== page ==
25:3-4 Six years you may sow your field and six years you may prune your vineyard and gather in the yield. But in the seventh year the land shall have a sabbath of complete rest, a sabbath of the Lord: you shall not sow your field or prune your vineyard.
25:6 But you may eat whatever the land during its sabbath will produce – you, your male and female slaves, the hired and bound laborers who live with you and your cattle and the beasts in your land may eat all its yield.
25:11-12 That fiftieth year shall be a jubilee for you: you shall not sow, neither shall you reap the aftergrowth or harvest the untrimmed vines, for it is a jubilee. It shall be holy to you: you may only eat the growth direct from the field.
25:20 And should you ask, “What are we to eat in the seventh year, if we may neither sow nor gather in our crops?” I will ordain My blessing for you in the sixth year, so that it shall yield a crop sufficient for three years. When you sow in the eighth year, you will still be eating old grain of that crop; you will be eating the old until the ninth year, until its crops come in.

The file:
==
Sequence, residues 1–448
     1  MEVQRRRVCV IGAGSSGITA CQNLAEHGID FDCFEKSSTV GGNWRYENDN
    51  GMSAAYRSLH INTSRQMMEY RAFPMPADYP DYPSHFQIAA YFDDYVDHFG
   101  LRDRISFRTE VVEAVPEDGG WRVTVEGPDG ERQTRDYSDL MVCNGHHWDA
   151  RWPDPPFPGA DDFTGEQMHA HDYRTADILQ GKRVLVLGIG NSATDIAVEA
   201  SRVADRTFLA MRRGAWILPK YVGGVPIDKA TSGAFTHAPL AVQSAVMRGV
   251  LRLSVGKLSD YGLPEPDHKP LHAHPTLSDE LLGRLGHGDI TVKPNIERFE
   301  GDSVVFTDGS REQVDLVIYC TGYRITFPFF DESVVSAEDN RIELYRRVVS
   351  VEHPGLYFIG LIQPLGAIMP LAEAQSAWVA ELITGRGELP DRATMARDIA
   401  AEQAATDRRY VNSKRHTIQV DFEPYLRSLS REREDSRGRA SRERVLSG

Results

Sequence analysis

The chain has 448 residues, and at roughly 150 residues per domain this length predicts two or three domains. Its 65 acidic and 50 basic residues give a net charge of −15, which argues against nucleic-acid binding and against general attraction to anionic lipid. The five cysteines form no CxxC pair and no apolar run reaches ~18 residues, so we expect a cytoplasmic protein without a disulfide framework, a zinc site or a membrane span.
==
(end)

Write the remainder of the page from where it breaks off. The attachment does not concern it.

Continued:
God lays out for Moses the notion of a sabbatical and a jubilee year. Every seventh (the sabbatical) and fiftieth (the jubilee) year, all work on the land must stop to allow it time to rest and regenerate. During these years, the land is not cultivated, but whatever it produces may be eaten.
What it Means for Advocates:
God establishes a code of conduct that promotes environmental consciousness. What are the benefits of such a code? What role do sustainability and conservation play in our efforts to alleviate global poverty?
God promises to provide sufficient grain during the sixth year of an agricultural cycle so as to compensate for what we will lose in the seventh. In order to sustain ourselves during sabbatical years, we must learn to plan ahead and moderate our consumption. Why is curtailing our use of global resources an important part of fostering growth and prosperity in impoverished communities?